As UMass approached its centennial, President John W. Lederle looked to continued growth as the university's "commanding concern" at his inauguration in 1961.

"What we have is potentially a giant ... a great public center for excellence in higher education in this region," he said. President Lederle would be the final "president" of the Amherst campus. Under his leadership, the University of Massachusetts system grew, and future leaders of UMass Amherst would be known as “chancellors.”

The procession for Chancellor Kumble Subbaswamy's inauguraton in 2013.

The procession for Chancellor Kumble Subbaswamy's inauguration in 2013.

Our school's destiny is one of greatness.

Chancellor Kumble Subbaswamy, 2013
John Lombardi
John Lombardi addresses the UMass Amherst community during his inauguration in 2003.

The pomp and circumstance around inaugural events dropped off during the tenure of the first few chancellors (system presidents still received this honor). But by the beginning of the 21st century, the campus revived the tradition. On February 7, 2003, Chancellor John Lombardi—UMass Amherst's 28th leader— defined a future for the campus led by "the academic imperative." UMass Amherst, he said, was of critical importance to the public good. "We are an investment opportunity," he proclaimed. Chancellor Lombardi sought to define the importance of the campus in Amherst, calling out name-brand campuses across the country: "The key indicator of the importance of the campus comes from students and faculty, who always identify their academic work by campus: Berkeley, UCLA, Davis, not the University of California. They speak of Indiana University Bloomington, University of Wisconsin-Madison, and the University of Massachusetts Amherst."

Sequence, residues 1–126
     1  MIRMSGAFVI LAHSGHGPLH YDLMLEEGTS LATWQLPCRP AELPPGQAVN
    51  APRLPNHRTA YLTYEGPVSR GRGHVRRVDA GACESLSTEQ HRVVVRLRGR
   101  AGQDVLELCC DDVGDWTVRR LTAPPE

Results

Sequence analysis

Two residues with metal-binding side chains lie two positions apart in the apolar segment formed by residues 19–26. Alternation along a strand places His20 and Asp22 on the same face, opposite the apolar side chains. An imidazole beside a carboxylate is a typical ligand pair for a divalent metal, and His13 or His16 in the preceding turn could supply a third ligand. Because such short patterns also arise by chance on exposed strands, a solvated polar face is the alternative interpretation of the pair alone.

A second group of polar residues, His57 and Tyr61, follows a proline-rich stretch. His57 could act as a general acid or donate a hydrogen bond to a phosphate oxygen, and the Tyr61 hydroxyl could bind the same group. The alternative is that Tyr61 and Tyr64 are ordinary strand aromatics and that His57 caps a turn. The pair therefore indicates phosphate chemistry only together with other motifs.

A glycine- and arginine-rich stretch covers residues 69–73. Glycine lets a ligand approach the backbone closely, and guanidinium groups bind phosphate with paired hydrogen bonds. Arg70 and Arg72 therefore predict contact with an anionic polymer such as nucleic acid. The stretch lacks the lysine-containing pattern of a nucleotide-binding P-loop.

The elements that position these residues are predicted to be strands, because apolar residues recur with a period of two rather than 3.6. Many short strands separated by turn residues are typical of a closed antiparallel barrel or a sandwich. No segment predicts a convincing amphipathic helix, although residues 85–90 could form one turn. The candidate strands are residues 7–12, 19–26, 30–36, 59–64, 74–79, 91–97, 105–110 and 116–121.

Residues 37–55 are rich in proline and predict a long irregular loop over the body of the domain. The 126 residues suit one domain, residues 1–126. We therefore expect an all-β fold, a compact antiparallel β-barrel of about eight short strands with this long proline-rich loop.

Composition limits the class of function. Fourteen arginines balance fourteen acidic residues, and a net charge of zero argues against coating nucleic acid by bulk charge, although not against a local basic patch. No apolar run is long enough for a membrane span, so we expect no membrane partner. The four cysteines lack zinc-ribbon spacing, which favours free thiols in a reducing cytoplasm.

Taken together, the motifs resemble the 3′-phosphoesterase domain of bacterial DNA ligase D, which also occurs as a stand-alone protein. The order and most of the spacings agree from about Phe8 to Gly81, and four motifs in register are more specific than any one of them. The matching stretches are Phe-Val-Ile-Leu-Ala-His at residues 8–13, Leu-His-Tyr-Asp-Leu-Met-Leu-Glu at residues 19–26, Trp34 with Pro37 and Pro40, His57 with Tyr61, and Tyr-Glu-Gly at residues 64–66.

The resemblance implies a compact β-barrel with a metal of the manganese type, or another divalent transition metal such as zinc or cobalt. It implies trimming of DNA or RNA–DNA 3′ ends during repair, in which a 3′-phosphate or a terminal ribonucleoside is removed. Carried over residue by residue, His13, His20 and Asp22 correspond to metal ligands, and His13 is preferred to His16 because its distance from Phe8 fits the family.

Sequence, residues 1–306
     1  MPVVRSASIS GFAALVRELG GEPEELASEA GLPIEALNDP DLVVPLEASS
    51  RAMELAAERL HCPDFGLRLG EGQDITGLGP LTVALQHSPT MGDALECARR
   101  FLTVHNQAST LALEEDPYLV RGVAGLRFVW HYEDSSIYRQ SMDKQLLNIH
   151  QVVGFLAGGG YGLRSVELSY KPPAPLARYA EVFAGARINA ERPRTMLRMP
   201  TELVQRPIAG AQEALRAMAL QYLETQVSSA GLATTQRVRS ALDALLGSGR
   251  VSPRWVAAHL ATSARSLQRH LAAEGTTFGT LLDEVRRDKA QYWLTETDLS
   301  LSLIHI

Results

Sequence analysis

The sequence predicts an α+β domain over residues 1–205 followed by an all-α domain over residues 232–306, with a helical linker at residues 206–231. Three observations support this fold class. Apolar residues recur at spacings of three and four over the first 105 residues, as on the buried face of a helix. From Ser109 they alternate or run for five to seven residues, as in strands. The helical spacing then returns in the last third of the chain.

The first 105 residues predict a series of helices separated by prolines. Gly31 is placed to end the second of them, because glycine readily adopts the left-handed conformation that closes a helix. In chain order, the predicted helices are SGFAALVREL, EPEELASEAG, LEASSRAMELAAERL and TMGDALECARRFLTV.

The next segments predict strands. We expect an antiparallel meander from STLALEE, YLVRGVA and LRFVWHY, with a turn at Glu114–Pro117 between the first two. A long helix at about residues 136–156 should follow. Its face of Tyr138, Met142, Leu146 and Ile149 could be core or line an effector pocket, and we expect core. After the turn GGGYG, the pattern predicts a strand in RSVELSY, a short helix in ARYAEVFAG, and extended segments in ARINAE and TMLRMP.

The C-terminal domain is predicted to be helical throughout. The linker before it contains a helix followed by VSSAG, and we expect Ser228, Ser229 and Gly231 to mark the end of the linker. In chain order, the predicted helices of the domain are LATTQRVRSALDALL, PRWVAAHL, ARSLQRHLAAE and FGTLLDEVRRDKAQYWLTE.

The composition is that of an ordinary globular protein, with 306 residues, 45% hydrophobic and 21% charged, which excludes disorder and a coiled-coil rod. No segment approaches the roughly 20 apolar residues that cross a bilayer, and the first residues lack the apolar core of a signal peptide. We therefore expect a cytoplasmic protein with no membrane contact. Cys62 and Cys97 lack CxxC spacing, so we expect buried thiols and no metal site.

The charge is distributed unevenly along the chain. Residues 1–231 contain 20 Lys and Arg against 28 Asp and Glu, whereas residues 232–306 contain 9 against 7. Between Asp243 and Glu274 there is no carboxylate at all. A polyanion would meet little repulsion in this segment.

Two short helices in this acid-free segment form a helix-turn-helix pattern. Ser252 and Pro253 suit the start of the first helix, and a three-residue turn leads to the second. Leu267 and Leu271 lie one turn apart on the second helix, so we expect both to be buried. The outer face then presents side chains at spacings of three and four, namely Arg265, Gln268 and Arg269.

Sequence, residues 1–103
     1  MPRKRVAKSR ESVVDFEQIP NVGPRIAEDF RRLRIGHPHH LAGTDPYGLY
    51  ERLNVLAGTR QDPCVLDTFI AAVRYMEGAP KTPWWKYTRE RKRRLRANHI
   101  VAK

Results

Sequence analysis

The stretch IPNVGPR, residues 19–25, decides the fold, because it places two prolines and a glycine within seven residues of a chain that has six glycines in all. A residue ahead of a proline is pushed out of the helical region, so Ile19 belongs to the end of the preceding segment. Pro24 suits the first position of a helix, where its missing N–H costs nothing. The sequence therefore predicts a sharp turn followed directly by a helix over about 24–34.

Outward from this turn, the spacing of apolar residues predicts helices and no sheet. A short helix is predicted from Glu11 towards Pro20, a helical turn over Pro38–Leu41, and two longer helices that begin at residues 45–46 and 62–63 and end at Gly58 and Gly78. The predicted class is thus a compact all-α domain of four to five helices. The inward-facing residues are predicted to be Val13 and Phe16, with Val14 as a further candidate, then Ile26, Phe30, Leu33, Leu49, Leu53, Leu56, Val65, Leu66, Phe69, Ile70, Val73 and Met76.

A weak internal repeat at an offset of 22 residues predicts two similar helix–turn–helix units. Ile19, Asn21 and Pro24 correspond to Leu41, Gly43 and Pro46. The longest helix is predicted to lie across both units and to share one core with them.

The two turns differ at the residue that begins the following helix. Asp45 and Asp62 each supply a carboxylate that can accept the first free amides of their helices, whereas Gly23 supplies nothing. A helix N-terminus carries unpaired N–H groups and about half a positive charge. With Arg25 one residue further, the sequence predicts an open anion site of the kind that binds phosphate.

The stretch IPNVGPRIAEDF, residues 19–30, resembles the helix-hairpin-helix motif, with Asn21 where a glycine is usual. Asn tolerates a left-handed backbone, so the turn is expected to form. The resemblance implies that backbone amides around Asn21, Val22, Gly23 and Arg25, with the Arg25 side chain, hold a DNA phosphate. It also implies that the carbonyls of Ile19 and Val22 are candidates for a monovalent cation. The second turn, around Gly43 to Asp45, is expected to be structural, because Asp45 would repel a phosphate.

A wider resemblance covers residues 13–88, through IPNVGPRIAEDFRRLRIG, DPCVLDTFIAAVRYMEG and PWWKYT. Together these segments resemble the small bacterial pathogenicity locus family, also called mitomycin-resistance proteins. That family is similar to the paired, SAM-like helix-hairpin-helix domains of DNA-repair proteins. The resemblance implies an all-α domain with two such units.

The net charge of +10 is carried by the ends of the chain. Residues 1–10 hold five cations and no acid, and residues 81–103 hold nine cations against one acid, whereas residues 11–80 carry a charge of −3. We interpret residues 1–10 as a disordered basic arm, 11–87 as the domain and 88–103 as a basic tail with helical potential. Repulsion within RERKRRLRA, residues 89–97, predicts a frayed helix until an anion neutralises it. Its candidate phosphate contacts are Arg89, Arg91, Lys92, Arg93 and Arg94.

A decade later, Kumble Subbaswamy took up the helm, giving his inaugural address during the university’s sesquicentennial anniversary celebration in 2013. His tenure would establish UMass Amherst’s standing as one of the nation’s most distinguished flagship universities and an academic and research powerhouse. “For 150 years, the University of Massachusetts Amherst has served the Commonwealth of Massachusetts by making a world-class education accessible to qualified students from all walks of life, engaging in research to solve the most complex problems of the world, and working in communities to advance the human condition," Chancellor Subbaswamy reflected. He laid out an ambitious plan for the university's future, saying, "Our school’s destiny is one of greatness.”